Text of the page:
Cyclist/motorist crashes worse at stop/give way junctions

May 24, 2018 by Amanda Weaver, Queensland University of Technology
Credit: Queensland University of Technology

Cyclists are being more seriously hurt in crashes with motor vehicles at intersections with 'Stop' or 'Give-way' signs than at intersections with traffic signals or without any signage, a QUT study has found.

Rabbani Rash-ha Wahi, from QUT's Centre for Accident Research and Road Safety—Queensland (CARRS-Q), analysed 13 years of Queensland police records to investigate how the way traffic was controlled at intersections influenced the injuries to riders in collisions with motor vehicles.

Mr Wahi published his research findings in the Transportation Research Record (TRR): Journal of the Transportation Research Board last week.

"Many studies have identified factors that contribute to bicycle–motor (BMV) crashes, but little is known about determinants of injury severity under different traffic control measures at intersections," said CARRS-Q Director and supervisor of the project, Professor Narelle Haworth.

"Mr Wahi analysed 5,388 police-reported bicycle–motor vehicle crashes at intersections in Queensland from 2002 to 2014 and found almost 40 percent had occurred at junctions with Stop or Give-way signs."

Mr Wahi said one reason for this was that or cyclists have their view obstructed when approaching a give way condition or when leaving from a stopped position.

"In most cases, the bicycle and motor vehicle were approaching each other at right angles and possibly collisions occur because drivers have difficulty with judging gap sizes and speed before deciding whether to enter from the minor road or perform a turning manoeuvre," he said.

Credit: Queensland University of Technology
"What the study found hardly surprises anyone who rides: the driver was considered at fault by police in 63 per cent of bicycle-motor vehicle crashes."

Mr Wahi also found that drivers were most often at fault at intersections with Stop or Give-way signs. Yet drivers and cyclists were equally likely to be at fault when the was controlled by traffic signals.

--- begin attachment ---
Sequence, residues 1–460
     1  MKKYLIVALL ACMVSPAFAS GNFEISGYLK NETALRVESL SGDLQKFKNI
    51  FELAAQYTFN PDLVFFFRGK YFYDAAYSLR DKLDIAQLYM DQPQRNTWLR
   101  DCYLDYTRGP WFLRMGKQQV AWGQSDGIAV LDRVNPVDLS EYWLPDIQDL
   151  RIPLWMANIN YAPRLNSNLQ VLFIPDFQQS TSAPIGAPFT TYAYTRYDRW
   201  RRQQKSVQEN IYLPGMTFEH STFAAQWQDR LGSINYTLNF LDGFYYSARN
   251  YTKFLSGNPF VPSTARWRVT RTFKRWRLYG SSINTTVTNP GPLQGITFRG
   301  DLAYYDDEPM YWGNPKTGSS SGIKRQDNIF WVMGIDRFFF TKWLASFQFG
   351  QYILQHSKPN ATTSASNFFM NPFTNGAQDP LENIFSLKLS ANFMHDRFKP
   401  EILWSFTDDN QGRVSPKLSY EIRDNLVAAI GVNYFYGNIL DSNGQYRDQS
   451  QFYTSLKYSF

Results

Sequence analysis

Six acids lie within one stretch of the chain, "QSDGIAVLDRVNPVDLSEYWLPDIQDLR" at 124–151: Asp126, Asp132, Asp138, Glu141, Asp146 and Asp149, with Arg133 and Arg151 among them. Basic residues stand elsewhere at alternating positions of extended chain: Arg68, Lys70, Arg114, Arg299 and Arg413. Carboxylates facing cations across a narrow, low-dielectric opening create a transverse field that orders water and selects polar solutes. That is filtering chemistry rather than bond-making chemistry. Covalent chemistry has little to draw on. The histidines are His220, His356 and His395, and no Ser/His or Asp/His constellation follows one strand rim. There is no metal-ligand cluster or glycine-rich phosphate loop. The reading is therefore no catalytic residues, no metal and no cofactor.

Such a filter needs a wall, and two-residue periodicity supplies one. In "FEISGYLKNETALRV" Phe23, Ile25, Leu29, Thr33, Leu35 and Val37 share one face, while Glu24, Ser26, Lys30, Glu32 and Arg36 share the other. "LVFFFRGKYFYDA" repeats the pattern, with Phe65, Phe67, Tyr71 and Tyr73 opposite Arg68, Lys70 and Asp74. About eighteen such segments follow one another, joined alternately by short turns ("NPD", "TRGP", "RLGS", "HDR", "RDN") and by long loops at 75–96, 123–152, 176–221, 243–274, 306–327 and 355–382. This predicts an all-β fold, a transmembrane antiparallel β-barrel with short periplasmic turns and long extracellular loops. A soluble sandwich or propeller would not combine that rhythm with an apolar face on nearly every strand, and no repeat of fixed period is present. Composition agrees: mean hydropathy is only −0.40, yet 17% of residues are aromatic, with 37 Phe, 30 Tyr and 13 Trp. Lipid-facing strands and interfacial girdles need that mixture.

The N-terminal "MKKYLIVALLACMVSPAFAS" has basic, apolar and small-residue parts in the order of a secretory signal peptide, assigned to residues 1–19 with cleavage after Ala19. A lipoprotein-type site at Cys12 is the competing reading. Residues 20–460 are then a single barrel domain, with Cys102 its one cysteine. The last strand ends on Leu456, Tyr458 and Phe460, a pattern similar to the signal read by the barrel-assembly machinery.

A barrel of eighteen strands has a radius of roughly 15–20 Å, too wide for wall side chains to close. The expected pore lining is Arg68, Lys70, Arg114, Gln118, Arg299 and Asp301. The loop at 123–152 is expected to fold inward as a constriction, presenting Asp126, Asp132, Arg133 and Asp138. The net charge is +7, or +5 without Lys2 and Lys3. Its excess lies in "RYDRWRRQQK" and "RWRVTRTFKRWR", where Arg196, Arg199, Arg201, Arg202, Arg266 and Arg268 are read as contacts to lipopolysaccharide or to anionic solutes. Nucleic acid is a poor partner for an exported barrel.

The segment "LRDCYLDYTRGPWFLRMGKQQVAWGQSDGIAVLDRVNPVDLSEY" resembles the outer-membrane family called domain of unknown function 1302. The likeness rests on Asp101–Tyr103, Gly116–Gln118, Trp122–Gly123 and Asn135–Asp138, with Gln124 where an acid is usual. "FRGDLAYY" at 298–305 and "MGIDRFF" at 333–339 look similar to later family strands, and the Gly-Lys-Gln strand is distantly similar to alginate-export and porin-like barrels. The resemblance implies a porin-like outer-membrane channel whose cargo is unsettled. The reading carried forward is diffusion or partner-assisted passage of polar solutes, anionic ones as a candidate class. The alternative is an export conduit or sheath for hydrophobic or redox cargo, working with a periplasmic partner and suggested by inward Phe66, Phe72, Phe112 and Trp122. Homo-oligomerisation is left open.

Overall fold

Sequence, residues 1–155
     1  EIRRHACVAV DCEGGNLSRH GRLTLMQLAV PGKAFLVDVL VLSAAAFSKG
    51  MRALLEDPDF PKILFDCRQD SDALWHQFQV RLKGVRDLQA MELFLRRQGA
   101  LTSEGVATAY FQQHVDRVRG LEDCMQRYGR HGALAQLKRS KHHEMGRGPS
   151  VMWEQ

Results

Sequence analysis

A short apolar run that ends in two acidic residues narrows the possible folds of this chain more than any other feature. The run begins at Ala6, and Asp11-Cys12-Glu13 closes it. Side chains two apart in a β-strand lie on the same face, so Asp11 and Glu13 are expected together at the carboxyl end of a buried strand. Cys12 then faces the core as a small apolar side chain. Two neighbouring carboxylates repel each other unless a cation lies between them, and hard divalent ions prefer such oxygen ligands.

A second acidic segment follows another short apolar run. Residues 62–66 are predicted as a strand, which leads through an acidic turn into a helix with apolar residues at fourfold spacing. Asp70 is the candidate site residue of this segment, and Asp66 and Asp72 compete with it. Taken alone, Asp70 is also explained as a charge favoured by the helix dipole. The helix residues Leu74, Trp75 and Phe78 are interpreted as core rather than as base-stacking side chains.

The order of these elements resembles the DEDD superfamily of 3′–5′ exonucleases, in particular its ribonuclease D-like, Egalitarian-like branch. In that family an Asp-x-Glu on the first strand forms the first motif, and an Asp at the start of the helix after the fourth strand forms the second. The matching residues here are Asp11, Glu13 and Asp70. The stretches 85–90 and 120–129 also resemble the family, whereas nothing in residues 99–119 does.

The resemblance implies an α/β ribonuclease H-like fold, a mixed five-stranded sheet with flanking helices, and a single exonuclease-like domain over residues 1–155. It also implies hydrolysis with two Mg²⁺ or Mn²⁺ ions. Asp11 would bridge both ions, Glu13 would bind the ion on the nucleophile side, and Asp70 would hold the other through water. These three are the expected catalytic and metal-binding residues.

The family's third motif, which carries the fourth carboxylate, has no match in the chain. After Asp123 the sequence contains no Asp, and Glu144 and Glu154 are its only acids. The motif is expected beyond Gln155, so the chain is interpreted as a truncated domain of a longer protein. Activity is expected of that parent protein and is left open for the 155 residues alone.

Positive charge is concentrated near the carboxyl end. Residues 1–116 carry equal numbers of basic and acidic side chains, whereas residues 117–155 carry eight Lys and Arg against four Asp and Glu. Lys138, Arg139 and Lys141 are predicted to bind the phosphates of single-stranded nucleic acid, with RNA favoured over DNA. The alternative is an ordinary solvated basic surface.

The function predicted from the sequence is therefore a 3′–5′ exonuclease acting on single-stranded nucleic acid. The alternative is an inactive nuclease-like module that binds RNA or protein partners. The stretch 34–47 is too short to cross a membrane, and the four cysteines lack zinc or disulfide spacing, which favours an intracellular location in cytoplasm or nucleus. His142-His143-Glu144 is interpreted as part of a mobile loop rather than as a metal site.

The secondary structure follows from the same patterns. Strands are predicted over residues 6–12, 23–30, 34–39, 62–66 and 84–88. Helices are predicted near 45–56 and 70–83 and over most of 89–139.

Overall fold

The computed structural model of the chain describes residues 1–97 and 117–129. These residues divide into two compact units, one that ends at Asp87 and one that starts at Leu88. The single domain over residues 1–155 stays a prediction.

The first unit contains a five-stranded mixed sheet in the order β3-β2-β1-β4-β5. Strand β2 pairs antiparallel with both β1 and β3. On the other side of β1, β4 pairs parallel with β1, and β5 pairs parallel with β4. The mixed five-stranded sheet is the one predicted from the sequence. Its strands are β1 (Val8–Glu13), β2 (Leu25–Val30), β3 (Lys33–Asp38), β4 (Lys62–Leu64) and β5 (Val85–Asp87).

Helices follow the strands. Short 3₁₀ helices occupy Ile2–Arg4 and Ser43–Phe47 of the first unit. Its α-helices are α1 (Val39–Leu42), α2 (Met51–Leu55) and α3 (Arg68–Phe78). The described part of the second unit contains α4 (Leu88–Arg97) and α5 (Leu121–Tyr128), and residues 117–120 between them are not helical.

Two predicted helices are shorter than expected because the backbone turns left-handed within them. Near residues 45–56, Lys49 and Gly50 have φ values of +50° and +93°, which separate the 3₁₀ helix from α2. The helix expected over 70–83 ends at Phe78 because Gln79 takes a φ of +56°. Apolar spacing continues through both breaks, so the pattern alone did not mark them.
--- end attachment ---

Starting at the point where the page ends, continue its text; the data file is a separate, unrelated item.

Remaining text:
"However, when cyclists were judged to be at fault in crashes at Stop and Give-way signs and uncontrolled intersections, their injuries were more severe," he said.

"Speed zone appears to have influenced injury severity only at Stop/Give-way signs and may reflect differences in intersection design rather than speed limits as such."

Mr Wahi found cyclists' injuries were more severe in bicycle–motor vehicle crashes at unsigned intersections in hilly areas than in flat areas.

"It may be that cyclists and drivers can't see each other until too late because of the crests and dips, or that they were travelling faster," he said.

"The large number of bicycle motor-vehicle crashes at four-way intersections with traffic lights suggested that cyclists may not have enough time to cross the intersection before motorized cross receives a green light, possibly because signal timing is often based on -vehicle speeds."

Explore further: Better roads essential for safer cycling

More information: Influence of type of traffic control on injury severity in bicycle-motor vehicle crashes at intersections. eprints.qut.edu.au/117418/

Related Stories

Better roads essential for safer cycling

April 6, 2018

A QUT-led study of Queensland motorists and cyclists recommends that efforts to improve cyclist safety during overtaking events should focus on improving roadway infrastructure.

What is a safe following distance?

October 11, 2017

Confusion over what is a "safe following distance" has QUT road safety researchers calling for a standardised definition to prevent tailgating.

Recommended for you

Permanent, wireless self-charging system using NIR band

October 8, 2018

As wearable devices are emerging, there are numerous studies on wireless charging systems. Here, a KAIST research team has developed a permanent, wireless self-charging platform for low-power wearable electronics by converting ...

Facebook launches AI video-calling device 'Portal'

October 8, 2018

Facebook on Monday launched a range of AI-powered video-calling devices, a strategic revolution for the social network giant which is aiming for a slice of the smart speaker market that is currently dominated by Amazon and ...

Artificial enzymes convert solar energy into hydrogen gas

October 4, 2018

In a new scientific article, researchers at Uppsala University describe how, using a completely new method, they have synthesised an artificial enzyme that functions in the metabolism of living cells. These enzymes can utilize ...

0 comments

Please sign in to add a comment. Registration is free, and takes less than a minute. Read more

Click here to reset your password.
Sign in to get notified via email when new comments are made.